An RTI application filed in April by Rita Bahuguna Joshi and Rahul Gandhi created a stir in the UP government. These applications sought the details of the beneficiaries of the Janani Suraksha Yojna over the past five years. They are about 72 lakh in number. The information runs into several lakhs of pages. Government servants had to work well overtime to compile this data that was scattered across many districts and facilities in order to meet the 30 day deadline provided in the Act. No one was surprised when this deadline (May 27th) was not met.
This may seem like a lot of work for the State government, but Joshi is well within her rights to demand this information. In fact, this is exactly the kind of information that the RTI Act was designed to facilitate access to, with Section 4(1)(b) itself explicitly providing for the publication of details of all those who have received concessions from the government, as well as those who are beneficiaries of government subsidies. If today the State government is struggling to meet its responsibilities it is because it has ignored the provisions of the Act to its own detriment.
Section 4(1)(a) mandates that ever public authority shall “maintain all its records duly catalogued and indexed in a manner and the form which facilitates the right to information under this Act and ensure that all records that are appropriate to be computerised are, within a reasonable time and subject to availability of resources, computerised and connected through a network all over the country on different systems so that access to such records is facilitated.” If this legal duty had been abided by, the application could have been easily dealt with. Digitization of the information would have helped ensure that it didn’t matter how many beneficiaries there are and where all they are scattered. Unfortunately the state machinery remains immune to the conveniences offered by technology.
It is no wonder that Joshi later asked for this information in digital format to cut down on costs.
Other states would also do well to learn from the experience of the Mayawati government. For instance, there have been reports of “missing files” being used as a pretext to evade RTI queries in Karnataka. Supplementing the files with digital records would mean this cannot be used as an excuse anymore.
This suggestion receives some support from the recognition of the internet as a human right by the UN. Commentators have suggested that the obvious next step for India would be to develop its technological infrastructure in rural areas, and facilitate transparency in the government by making computerized records available through the internet.
The application filed by the Congress leaders does not defeat the object of the RTI Act, it only exposes the feeble commitment of the UP government to the provisions of the statute. It is hoped that the Special Task Force set up by the central government to oversee implementation of Section 4 will take cognizance of all these suggestions.
JUNE 13, 2011
Right to privacy v. right to information
By Arushi Garg
The Central Information Commission has ruled that annual confidential reports (ACRs) that evaluate the performance of public servants on an annual basis fall within the ambit of the RTI Act, 2005. Section 8(1)(j) of the Act exempts any information “which relates to personal information the disclosure of which has no relationship to any public activity or interest, or which would cause unwarranted invasion of the privacy of the individual” unless the larger public interest justifies the disclosure of such information.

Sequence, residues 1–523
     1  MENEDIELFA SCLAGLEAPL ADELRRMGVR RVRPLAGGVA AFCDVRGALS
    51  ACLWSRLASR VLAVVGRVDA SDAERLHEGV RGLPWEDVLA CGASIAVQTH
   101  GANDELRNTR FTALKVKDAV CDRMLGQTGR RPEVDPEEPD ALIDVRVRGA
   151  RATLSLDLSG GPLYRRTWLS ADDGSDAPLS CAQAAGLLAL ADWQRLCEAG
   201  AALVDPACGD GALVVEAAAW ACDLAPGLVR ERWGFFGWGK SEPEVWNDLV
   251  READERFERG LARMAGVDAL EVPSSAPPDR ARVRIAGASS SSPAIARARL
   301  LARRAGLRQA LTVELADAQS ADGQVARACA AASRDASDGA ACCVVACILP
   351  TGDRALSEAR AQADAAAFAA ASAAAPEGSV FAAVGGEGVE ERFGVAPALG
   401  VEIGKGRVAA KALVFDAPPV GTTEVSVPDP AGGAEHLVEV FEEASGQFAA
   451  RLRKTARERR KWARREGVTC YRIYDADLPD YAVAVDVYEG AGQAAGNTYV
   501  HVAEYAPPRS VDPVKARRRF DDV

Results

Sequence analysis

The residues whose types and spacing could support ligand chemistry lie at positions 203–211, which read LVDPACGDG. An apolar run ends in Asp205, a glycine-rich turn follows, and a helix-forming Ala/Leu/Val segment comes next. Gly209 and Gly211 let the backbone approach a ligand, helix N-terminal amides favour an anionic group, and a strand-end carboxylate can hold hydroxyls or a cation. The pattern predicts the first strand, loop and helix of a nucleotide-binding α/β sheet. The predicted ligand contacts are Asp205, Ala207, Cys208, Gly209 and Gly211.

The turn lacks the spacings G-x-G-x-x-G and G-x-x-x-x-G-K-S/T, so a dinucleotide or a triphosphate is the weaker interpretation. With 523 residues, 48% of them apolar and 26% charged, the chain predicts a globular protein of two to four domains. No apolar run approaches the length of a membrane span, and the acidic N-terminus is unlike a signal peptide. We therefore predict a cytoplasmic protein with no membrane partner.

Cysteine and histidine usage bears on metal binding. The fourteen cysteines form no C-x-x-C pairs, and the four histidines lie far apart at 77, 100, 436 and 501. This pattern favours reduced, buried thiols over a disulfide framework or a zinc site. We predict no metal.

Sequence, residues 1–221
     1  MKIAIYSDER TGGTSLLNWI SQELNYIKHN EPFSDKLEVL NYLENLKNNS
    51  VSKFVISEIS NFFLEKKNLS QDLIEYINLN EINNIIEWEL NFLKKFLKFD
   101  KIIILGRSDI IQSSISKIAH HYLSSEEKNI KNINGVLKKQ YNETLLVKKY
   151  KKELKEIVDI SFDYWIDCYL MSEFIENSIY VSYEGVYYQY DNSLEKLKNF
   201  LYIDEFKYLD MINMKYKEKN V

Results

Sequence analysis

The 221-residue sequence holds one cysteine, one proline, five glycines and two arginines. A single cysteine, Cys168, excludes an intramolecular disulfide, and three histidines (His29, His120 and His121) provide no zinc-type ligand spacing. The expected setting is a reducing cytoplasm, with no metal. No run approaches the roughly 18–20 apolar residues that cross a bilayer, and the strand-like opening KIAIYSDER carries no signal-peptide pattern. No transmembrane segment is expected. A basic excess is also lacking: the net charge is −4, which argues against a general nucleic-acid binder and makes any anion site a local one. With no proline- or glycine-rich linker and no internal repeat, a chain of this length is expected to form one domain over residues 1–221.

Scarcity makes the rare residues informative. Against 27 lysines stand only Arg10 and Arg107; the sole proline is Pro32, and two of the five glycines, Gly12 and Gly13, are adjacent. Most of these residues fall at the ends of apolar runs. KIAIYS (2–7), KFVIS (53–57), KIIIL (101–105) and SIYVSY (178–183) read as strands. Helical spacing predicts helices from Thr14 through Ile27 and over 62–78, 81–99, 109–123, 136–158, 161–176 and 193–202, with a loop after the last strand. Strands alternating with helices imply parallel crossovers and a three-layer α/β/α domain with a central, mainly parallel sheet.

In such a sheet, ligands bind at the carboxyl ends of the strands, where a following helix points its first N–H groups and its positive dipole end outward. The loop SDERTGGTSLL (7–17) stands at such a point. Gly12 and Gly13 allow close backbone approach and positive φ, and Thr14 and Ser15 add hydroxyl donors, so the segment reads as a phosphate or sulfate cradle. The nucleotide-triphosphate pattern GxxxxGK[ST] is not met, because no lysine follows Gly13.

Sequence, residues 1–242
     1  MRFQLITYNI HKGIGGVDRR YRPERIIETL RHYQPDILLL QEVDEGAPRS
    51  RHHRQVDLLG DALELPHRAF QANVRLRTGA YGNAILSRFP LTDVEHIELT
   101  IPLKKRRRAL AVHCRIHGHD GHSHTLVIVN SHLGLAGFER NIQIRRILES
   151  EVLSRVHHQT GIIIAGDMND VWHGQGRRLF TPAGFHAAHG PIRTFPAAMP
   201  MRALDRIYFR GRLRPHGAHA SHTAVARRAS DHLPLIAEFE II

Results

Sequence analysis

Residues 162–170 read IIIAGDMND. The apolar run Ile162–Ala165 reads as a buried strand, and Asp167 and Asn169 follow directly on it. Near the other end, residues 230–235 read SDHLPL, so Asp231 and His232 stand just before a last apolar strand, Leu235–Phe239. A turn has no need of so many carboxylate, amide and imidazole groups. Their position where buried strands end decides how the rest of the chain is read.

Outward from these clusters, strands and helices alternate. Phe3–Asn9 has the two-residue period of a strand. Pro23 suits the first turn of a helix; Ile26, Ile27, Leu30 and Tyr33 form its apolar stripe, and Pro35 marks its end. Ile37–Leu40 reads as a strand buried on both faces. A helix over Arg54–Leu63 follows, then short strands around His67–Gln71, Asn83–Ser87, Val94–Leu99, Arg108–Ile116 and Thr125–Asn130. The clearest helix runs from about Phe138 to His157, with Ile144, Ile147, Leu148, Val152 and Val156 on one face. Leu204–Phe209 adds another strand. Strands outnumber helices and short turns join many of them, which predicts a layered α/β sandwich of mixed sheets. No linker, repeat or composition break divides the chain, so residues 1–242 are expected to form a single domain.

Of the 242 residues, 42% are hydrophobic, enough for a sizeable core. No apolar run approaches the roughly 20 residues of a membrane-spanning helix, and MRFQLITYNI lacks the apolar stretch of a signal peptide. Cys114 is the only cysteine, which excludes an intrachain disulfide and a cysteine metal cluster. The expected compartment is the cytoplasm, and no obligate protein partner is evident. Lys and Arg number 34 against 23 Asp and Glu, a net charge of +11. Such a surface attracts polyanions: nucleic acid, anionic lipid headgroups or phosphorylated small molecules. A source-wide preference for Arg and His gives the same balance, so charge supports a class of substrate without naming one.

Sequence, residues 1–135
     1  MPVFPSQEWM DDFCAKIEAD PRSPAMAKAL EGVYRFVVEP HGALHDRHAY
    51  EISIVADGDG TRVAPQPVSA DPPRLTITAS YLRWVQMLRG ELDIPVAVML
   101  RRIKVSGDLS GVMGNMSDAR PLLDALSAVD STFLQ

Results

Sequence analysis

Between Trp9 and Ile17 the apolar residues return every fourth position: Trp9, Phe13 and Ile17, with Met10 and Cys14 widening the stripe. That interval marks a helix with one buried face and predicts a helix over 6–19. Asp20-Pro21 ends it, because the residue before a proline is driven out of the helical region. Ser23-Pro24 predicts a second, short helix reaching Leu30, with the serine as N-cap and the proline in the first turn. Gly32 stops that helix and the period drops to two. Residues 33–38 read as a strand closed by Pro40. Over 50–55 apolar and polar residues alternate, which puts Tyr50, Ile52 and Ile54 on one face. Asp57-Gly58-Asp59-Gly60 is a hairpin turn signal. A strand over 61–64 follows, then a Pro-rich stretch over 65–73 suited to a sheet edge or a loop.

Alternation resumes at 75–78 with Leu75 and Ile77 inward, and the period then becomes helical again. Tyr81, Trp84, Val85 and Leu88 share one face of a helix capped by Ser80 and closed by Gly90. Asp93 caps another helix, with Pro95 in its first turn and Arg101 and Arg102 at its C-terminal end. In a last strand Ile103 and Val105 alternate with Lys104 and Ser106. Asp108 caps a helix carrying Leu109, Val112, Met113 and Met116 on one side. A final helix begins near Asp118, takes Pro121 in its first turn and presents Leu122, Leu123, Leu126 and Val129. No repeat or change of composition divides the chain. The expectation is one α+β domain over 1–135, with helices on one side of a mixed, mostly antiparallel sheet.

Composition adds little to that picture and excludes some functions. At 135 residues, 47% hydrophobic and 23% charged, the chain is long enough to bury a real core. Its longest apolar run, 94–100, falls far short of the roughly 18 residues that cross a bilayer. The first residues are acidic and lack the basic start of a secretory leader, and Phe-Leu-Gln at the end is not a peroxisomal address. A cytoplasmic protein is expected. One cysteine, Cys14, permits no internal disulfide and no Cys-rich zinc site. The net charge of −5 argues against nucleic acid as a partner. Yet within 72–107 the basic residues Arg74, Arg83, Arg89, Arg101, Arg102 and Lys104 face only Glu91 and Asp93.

It was first pointed out that ACRs are not “personal” information. Secondly, from the words, “no relationship to any public activity or interest” the Information Commissioner concluded that any information being disclosed should have been given in the course of some public activity. In this case, the evaluation of officers was also done during the course of a public activity and could therefore be made available. Thirdly, there must be an unwarranted invasion of the right to privacy for this section to be attracted. No such invasion was found in this case since public servants owe the larger duty of accountability to the public.
The CIC stated that the notion of privacy is a cultural one that varies with place and time. Since the right to privacy has not been codified in India, the right to information must be given greater weightage. To quote, “Parliament has not codified the right to privacy so far, hence, in balancing the right to information of citizens and the individual’s right to privacy, the citizen’s right to information would be given greater weightage.”
This ruling is in contrast with a previous decision of the CIC which have held that the ACRs of army officers are not covered by the RTI Act. Ironically, the reliance in that instance was also placed on the same legal provision. In another appeal, on an analysis of previous cases dealing with the confidentiality of ACRs it was held that ACRs cannot be made public, although in that case such contents of the ACR as were discussed in the meeting of the Departmental Promotion Commission were allowed to be disclosed to the petitioner with some safeguards, since she had been superceded when the promotions were announced. But the general trend was in favor of protection of the right to privacy, apart from a few decisions of state information commissions.
This decision delivered last month presents a welcome step forward in this movement for accountability, but the reasoning that has gone behind the decision may prove to be problematic in the long run. It seems to be based on the assumption of a hierarchy of some kind, with what the Parliament lays down reigning supreme, even over judicial pronouncements of the apex court. Both the right to privacy and the right to information are fundamental rights, irrespective of whatever statutory regulation they both have received. Letting one override the other on the basis that the “Parliament has not codified” one of them, may translate into allowing for unwanted incursions into the right to privacy.